5 – Motor Oil, Petrol, and Kerosene:

Motor oil, petrol, and kerosene oil contain polyaromatic hydrocarbons (PAHs) that are harmful to human health and pollute the environment as well. Motor oil is listed as hazardous waste because of the halogens present in it. Moreover, it contains heavy metals such as lead, cadmium, and mercury, to name a few. Used motor oil is disposed of without any protocol. It causes severe damage to the environment. Frequent exposure to motor oil causes skin cancer, dermatitis, anemia, headache, and skin rashes. Since there has been no substitute for motor oil until now, we should avoid excessive exposure to it as much as possible.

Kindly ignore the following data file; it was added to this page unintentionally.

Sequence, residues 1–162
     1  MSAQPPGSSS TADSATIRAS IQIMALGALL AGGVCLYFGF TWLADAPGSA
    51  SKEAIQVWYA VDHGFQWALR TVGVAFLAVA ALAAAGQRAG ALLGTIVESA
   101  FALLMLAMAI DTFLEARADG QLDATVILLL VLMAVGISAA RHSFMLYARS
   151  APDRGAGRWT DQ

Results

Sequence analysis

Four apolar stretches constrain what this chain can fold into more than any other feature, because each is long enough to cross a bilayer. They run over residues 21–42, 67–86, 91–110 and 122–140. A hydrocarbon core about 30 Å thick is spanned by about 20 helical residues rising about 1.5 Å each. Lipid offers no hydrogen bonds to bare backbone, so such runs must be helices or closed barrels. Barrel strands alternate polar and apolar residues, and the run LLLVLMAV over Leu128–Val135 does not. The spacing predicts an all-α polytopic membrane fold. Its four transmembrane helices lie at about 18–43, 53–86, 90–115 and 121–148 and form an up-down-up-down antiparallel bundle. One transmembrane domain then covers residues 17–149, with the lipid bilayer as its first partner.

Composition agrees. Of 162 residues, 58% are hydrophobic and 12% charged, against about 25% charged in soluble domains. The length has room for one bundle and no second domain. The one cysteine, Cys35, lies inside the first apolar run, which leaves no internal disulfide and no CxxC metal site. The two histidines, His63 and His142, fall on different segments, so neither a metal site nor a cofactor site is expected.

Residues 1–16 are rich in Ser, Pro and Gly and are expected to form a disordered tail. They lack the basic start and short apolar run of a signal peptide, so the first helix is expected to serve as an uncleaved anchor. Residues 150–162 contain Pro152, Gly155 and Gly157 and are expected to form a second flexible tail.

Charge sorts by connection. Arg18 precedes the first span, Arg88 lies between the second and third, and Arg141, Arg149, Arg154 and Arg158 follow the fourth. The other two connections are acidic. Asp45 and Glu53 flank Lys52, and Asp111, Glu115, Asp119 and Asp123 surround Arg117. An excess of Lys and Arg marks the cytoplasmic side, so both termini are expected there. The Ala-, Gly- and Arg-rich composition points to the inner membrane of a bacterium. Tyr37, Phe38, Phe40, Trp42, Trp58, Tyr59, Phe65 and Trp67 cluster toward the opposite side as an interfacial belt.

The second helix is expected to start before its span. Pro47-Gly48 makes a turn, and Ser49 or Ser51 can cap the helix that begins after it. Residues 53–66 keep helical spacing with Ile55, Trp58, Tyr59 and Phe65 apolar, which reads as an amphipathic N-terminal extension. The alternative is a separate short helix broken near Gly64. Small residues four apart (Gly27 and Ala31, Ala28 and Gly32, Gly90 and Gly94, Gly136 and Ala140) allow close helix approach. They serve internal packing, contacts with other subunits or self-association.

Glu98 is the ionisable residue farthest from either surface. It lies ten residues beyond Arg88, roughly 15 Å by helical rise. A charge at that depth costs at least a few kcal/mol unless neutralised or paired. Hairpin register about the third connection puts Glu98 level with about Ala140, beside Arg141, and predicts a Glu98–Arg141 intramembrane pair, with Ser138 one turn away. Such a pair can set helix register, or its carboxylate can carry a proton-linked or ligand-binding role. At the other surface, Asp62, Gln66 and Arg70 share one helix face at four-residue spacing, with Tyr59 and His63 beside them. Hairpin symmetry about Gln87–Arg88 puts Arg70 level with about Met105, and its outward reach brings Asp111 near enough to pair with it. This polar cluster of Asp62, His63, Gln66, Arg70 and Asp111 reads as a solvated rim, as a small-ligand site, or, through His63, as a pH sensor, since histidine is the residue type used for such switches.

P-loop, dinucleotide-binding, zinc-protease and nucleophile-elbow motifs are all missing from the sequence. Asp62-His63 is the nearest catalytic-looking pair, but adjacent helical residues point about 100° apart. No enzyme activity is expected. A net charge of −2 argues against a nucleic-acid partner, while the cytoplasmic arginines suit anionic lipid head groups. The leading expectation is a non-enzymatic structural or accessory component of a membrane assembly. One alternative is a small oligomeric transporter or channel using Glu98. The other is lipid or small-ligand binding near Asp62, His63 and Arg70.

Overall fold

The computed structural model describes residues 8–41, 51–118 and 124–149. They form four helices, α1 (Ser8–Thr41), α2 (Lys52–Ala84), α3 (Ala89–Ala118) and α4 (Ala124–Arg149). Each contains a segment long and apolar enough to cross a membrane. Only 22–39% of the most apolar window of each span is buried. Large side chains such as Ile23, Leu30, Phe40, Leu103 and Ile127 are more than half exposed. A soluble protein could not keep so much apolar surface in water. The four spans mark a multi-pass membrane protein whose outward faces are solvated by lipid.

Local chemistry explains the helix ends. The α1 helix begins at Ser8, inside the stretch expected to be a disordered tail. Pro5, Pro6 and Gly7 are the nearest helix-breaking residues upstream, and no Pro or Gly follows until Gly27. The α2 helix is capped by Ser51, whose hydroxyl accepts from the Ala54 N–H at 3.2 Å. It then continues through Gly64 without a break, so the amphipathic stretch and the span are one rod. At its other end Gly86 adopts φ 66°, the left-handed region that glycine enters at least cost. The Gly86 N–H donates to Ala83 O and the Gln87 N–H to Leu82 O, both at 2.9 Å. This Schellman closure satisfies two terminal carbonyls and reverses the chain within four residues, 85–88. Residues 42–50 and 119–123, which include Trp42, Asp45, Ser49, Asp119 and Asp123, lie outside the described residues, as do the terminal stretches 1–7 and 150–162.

But household waste contains hazardous substances that are harmful to human health. We constantly get ourselves exposed to these materials because we cannot avoid them. Moreover, the environment is polluted by hazardous household waste. Common HHW includes batteries of electronic products, repellents, pesticides, insecticides, fluorescent bulbs, automobile oil, and tires. Some other HHW includes oil-based paint, nail paints, pool chemicals, dry cleaning solution, and antifreeze. Improper disposal of these materials leach hazardous substances in the environment that contaminate air, water, and soil. From the environment, the toxic substance becomes a part of the food chain. Hazardous waste could be managed by disposing of it according to the guidelines or recycling the material to reduce the amount of waste. Lastly, by reducing the excessive use of these products, the impact can be minimized.